Chris Hedges:  I want to talk about prison. Your first bout in prison, you get out and go to, I believe to a Trappist monastery. I think you last about five months, which is five months longer than I’d last there. But talk about the effect of prison on you. There’s a wonderful line in there, I think, where you said that you were freer in prison than you were in seminary. Is that right?

Roy Bourgeois:  I know prison, family and friends, I know it was a hard thing to understand, and I’ve always appreciated that sort of unconditional love from my family, my dear parents and two sisters and a brother in Louisiana. The support I got from them and friends. Going into prison, protesting and going to prison for nonviolent protests is very difficult for a lot of people. But for us, it’s trying to be true to ourselves, to be true to our experiences in life, which is different from others. And I and others have been in the movement, over 250 who have crossed the line, done protests and gone to prison. I’ve served a total of a little over four years in federal prisons over the years.

But to be very honest, when I got to prison, I did well. It was some of the best retreats I’ve ever had. I’m a great lover of solitude, I’m an activist, but I really feel in my life it’s important to have quiet time. And prison was a time to… I was in solitary confinement for a couple of months, and that was challenging. But there, too, I was able to read. I had access to books of the great theologians like Thomas Merton and many others, John of the Cross, and men and women, really what was spiritual… Gave me courage there.

And I always got out of prison feeling, though this happened when I got out of prison, I was in solitary confinement, and became very much of a contemplative. And there was a time when I got out of prison, I thought I was being called to the contemplative life. And I used to make retreats with the Trappist monks in Georgia outside of Atlanta. And I joined their community thinking this is where I was being called. It was all leading to this, Vietnam, Bolivia, El Salvador was leading to the monastery to be a contemplative monk.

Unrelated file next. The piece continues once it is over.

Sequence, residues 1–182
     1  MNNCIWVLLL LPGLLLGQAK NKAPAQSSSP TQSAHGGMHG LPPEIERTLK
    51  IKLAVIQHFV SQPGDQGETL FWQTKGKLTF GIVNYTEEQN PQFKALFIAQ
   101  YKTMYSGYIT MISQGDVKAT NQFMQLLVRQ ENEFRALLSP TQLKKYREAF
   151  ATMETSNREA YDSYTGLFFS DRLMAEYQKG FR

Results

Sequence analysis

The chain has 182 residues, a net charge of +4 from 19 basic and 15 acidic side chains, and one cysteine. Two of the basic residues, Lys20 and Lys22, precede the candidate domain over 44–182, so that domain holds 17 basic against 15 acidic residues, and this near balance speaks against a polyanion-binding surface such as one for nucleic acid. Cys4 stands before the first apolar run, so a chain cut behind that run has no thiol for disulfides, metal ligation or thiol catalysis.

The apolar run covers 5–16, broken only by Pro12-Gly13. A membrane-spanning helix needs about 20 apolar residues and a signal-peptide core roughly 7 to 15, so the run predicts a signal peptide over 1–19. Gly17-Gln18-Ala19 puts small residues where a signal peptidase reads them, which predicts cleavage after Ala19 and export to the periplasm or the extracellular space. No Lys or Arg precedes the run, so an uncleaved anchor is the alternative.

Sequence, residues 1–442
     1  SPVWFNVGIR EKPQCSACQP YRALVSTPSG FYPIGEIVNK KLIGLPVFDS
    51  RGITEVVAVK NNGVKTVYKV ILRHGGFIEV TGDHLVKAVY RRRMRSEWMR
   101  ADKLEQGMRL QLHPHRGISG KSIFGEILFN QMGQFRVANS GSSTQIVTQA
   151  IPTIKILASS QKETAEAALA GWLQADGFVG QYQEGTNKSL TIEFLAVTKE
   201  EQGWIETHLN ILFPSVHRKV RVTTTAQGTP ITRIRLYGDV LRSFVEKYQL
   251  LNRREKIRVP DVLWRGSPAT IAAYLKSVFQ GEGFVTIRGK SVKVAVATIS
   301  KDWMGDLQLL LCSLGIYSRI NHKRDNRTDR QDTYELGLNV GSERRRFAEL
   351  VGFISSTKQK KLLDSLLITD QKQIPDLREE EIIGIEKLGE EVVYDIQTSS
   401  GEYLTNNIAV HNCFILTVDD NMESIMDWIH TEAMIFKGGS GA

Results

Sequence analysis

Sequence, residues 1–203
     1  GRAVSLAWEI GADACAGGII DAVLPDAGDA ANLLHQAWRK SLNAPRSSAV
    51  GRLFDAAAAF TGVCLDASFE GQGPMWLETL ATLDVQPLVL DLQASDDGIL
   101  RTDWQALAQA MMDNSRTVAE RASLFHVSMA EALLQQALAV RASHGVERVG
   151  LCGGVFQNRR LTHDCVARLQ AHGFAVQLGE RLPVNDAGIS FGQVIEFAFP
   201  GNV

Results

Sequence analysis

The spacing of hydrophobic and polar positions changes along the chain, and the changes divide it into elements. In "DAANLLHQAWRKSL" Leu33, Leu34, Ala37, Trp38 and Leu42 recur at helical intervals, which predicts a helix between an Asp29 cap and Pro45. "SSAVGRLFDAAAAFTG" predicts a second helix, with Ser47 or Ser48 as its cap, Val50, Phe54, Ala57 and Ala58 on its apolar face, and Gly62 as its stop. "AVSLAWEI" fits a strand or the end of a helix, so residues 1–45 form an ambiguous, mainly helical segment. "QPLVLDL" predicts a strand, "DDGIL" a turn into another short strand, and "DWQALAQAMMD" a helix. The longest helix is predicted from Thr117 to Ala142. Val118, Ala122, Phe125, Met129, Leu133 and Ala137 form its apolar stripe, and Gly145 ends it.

But I was there only five months and I realized that I’m not a full-time contemplative. Meditation, silence, solitude, spiritual reading is very much, very important to me. But I’ve got to integrate that in my active life. Most people do not live in a monastery, are not full-time contemplatives, but we need some quiet time, especially at the end of a long day. So many called family members, friends, couples, and I too have learned, tried to learn to keep that balance.

But I came back from the monastery, it was a good experience, and returned to Maryknoll, and really got much more involved in the protesting of US foreign policy to Latin America – With the support of my Maryknoll community, I must say. But when it came to the issue of, again, women being treated as equals, honoring and accepting the call of women to the priesthood, they just couldn’t somehow handle that. And that’s when I got in big trouble. I was told, in a letter from the Vatican, Pope Benedict said that I must recant my public support for the ordination of women, my belief that women can be ordained. I had 30 days to recant or I would be expelled from the priesthood. And I remember going on a retreat, giving it a lot of thought, and going to the Trappist monastery to think about that. On return, I realized I could not recant. This would be a betrayal of my conscience. It would do violence to what I believed in.

And I wrote the Vatican and said, what you’re asking of me is not possible. Our loving God calls both men and women, both men and women to the priesthood. We are created equal. And I will honor that. And that day will come, I said. But what hurt, too, was how I and all the women are automatically excommunicated, expelled, but the many, many priests who raped, sexually abused thousands according to the USA, in the US alone, over 5,000 Catholic priests raped, sexually abused over 12,000 children, and these priests were not excommunicated, nor were the bishops who knew of their crimes and just transferred them to another parish. And of course that had caught up with the church. The truth comes out. And a big part of the crisis in the Catholic Church today, of course, is that sexual abuse scandal, combined with the all-male priesthood. And the church, if it does not change and start ordaining women, it will go the way of the dinosaurs.

Chris Hedges:  I want to talk about Pope Francis. He’s good on many issues, but not on the ordination of women.